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Wherein we discover what is living in Paris Hilton's purse.


Facebook: http://www.facebook.com/thebrainscoop

The Brain Scoop is written and hosted by:
Emily Graslie

Created by:
Hank Green

Written, Directed, Edited, Animated, and Scored by:
Michael Aranda

Special thanks to Hank and Katherine Green, and Brandon Neumayer for letting us film Lemon and Newton!

And ultra thank-you to Martina Šafusová, Diana Raynes, Katerina Idrik, Barbara Velázquez, Adam Wojniłło, Tony Chu, Seth Bergenholtz, and Gaia Zaffaroni for providing the transcriptions!
Today we're gonna talk about domestication. Domestication is the process in which humans selectively breed for a certain characteristic in a plant or animal.

In the last 40,000 years or so, we've domesticated horses, and cows, and sheep, and goats, and pigs, and guinea pigs, and ferrets, and furbys, and honeybees, and cockroaches, and skunks, and over 100 other species.

It's not just limited to animals either. We've domesticated plants and fungi for food and cultivation of crops, and for also giving flowers to your mother.

One of the first animals to be domesticated, as you may know, was the dog about 30,000 years ago. According to an article by National Geographic, some wolves figured out that if they were friendly to humans they would have a much better chance of survival than their aggressive and hostile packmates. Food was scarce and being on the same team as humans proved to be an advantage. Friendlier wolves were much more likely to be tolerated and accepted by humans as pets. I guess if you think about it, dogs kind of domesticated themselves.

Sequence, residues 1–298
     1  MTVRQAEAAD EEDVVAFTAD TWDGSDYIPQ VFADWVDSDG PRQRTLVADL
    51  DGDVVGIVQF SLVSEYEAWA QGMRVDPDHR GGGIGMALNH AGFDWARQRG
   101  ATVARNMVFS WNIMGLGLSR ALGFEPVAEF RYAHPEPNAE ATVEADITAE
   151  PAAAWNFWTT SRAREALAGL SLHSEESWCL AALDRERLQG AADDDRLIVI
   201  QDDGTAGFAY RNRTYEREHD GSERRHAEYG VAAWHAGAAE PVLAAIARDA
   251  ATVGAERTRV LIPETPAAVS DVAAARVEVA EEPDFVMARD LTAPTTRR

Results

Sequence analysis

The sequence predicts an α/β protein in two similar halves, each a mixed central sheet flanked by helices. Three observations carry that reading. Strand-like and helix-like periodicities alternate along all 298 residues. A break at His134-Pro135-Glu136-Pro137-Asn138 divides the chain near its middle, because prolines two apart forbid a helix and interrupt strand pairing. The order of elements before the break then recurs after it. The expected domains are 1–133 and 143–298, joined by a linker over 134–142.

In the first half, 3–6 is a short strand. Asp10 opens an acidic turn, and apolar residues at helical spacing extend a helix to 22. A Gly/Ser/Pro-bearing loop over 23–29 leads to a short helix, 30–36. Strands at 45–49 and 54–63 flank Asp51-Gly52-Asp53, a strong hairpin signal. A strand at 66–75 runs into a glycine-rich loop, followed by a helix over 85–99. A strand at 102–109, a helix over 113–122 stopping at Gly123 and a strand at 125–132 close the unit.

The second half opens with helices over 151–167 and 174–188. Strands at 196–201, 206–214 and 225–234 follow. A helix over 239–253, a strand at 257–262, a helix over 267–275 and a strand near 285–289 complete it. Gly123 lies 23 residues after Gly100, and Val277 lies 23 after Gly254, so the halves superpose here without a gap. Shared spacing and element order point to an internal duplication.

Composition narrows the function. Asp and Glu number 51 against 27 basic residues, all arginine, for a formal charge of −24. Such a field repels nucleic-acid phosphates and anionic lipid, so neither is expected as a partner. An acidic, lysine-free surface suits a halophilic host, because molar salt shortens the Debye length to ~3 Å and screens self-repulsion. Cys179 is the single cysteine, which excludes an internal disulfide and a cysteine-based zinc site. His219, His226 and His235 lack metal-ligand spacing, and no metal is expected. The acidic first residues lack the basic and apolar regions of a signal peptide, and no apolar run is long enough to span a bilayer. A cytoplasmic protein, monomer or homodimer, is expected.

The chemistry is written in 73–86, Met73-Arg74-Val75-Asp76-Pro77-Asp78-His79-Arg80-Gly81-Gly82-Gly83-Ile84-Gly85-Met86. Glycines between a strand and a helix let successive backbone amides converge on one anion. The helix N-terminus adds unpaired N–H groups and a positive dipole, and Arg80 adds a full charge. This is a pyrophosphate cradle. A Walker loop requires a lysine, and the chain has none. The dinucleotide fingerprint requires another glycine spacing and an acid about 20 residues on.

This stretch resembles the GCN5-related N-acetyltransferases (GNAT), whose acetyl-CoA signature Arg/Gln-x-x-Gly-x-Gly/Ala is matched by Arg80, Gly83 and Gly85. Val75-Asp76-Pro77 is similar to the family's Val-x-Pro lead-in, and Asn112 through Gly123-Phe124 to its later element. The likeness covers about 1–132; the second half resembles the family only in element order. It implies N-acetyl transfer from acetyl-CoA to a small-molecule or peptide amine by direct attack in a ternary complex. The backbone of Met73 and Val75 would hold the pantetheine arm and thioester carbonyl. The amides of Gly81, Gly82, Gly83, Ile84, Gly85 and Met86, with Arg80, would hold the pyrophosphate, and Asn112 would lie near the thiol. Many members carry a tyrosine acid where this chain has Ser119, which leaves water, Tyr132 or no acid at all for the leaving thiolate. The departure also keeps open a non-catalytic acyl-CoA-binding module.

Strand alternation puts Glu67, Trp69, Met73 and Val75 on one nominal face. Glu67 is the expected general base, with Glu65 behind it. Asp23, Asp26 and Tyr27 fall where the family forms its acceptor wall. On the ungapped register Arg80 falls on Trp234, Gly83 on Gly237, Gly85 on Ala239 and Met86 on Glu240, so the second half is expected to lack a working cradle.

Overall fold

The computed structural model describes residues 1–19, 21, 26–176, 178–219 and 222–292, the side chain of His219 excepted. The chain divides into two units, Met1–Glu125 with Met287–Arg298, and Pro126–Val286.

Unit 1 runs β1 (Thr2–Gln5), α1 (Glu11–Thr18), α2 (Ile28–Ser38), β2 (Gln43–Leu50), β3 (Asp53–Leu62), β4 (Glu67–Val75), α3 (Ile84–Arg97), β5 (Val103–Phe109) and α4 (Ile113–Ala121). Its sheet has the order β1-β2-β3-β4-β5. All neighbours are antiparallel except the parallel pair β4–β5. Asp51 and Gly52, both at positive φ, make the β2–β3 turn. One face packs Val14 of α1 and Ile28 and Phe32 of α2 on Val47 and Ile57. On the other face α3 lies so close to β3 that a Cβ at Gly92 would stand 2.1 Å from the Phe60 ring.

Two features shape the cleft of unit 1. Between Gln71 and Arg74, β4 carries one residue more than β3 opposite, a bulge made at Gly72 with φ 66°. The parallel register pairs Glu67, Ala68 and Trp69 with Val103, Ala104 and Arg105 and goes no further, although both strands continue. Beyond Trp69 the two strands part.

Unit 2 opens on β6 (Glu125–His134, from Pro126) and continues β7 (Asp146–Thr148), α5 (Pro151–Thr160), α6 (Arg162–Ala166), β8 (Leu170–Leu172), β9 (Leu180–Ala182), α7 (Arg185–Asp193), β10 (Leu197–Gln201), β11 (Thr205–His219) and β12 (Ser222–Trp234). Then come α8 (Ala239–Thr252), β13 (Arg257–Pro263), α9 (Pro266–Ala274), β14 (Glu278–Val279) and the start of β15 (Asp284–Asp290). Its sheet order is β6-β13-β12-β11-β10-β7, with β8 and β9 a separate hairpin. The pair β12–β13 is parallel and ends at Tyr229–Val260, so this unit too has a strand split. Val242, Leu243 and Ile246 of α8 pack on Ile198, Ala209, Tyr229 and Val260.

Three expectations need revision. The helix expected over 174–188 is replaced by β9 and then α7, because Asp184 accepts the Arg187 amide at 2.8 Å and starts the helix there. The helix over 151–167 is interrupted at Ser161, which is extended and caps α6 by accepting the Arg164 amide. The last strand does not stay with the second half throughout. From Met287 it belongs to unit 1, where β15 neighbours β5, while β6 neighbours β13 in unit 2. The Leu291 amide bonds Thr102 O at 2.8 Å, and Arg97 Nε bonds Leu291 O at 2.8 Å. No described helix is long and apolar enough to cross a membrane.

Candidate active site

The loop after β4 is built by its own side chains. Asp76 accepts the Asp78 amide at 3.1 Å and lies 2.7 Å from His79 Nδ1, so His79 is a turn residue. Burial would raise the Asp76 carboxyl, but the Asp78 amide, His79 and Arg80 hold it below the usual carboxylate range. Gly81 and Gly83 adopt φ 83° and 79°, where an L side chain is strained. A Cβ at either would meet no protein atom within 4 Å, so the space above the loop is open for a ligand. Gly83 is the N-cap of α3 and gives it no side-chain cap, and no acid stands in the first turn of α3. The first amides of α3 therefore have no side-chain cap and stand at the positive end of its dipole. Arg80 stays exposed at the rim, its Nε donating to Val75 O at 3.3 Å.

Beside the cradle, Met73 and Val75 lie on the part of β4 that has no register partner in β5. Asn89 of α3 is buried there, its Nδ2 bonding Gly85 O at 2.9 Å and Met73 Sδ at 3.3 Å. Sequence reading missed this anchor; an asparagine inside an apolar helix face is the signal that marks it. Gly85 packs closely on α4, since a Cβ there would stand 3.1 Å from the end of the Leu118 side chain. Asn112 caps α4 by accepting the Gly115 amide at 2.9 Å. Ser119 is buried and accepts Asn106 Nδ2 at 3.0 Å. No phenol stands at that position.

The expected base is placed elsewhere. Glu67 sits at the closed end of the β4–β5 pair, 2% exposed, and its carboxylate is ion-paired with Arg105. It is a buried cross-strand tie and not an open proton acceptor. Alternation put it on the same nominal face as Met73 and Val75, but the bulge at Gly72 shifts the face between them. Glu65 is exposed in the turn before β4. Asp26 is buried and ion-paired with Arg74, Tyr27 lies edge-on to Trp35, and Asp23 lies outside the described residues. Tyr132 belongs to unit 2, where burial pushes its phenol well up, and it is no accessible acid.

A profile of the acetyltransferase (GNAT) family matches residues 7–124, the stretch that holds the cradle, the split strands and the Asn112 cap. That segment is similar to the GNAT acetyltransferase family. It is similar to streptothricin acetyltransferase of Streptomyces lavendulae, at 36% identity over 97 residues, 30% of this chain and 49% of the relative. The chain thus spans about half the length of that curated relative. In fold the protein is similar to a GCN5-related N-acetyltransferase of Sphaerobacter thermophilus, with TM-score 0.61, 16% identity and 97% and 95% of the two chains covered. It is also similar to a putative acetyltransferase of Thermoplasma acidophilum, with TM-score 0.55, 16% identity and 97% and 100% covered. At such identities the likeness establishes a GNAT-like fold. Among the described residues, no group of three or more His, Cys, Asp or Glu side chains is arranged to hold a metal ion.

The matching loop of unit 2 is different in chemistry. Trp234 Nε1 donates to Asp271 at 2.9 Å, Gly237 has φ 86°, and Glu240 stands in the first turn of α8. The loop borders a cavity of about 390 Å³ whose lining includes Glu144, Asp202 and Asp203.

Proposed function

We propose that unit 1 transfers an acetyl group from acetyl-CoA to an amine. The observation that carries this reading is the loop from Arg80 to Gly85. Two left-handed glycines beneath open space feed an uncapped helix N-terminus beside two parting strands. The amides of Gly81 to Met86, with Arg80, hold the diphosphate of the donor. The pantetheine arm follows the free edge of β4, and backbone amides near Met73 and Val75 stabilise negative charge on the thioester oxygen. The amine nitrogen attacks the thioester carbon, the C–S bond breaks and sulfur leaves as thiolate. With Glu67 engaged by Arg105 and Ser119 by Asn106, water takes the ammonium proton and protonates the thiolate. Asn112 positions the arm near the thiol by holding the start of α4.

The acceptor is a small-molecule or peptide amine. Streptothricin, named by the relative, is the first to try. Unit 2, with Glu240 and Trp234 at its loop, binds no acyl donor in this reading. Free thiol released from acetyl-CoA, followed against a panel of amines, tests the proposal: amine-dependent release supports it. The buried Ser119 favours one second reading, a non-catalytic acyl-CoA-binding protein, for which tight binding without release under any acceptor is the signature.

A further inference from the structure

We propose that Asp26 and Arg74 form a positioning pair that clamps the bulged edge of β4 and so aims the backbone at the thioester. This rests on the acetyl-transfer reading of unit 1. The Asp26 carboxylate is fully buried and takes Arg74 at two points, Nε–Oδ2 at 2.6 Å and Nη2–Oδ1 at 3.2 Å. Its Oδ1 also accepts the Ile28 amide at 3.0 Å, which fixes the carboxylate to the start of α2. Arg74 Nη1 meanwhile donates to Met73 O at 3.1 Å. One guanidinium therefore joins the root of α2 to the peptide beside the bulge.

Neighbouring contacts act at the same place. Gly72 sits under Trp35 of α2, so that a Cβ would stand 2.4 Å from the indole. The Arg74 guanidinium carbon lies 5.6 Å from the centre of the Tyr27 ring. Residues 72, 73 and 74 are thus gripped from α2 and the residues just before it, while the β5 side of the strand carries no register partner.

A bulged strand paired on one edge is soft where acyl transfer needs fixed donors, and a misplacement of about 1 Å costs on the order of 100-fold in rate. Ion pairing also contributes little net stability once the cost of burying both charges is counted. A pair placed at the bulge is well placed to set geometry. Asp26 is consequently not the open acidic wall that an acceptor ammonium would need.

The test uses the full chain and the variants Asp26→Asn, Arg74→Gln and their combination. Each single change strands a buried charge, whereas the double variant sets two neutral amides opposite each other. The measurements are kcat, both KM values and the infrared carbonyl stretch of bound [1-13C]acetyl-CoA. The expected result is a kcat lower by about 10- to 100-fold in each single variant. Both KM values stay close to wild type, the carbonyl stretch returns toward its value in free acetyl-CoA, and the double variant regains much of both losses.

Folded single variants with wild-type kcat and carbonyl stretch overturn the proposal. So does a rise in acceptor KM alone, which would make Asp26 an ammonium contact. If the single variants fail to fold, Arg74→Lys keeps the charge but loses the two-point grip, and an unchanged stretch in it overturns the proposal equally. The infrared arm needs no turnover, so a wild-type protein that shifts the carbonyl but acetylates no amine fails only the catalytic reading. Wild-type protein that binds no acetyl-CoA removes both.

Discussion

What's interesting is that as this group of wolves became more docile over time, their physical appearances began to change as well. They got upright wagging tails, and floppy ears, and spotted coats. They actually become distinct enough from wolves Canis lupus, that we now classify them as their own subspecies, Canis lupus familiaris. 

Fast forward to present day and you can see that we went really super crazy with this whole selective breeding thing. Especially within the last few hundred years or so, we've breed dogs for very specific cognitive aesthetic traits, results in dogs as big as ponies and small enough to fit inside of Paris Hilton's purse.

This is kind of interesting. It's a portrait of a man and his pug from 1745. And here's one of an angry woman and her pug from 255 years later. And finally this is what pugs look like today.

So we have this thing called a cranial index which we use to categorize animals. It's a ratio of the skull's maximum width to its maximum length. An example of a dog breed with a low cranial index is a gray hound with their long snout and their low forehead. A pug, on the other hand, has a high cranial index. Animals with high cranial indexes are called brachycephalic and have high foreheads, shortened snouts, and enlarged eyes. With certain dog breeds we've ended up heavily exaggerating these features, either consciously or not, ending up with dogs that look suspiciously human-like.

And while they might look super adorbs(short for adorable), animals with high cranial indexes are subject to a multitude of heath problems. They have a difficult time regulating their body temperature because their smaller mouths mean less surface area for water to evaporate resulting in less effective panting. Their exaggerated ocular orbitals put them at risk for their eyes literally popping right out of their heads should they accidentally sustain any trauma to the back of the skull. And because their skulls have been so dramatically shortened, it's results in a bunch of skin bunching up on their faces which can get really dirty and nasty and result in bacterial infections and all kinds of pretty gross stuff. All because we wanted to have a wolf that looked like this.

It kind of makes you think about the depth of impact that we humans have when we go around messing with nature.

Thanks for watching. This has been an episode of Brain Scoop. This has been a Brain Scoop T-shirt, and I'll see you next time.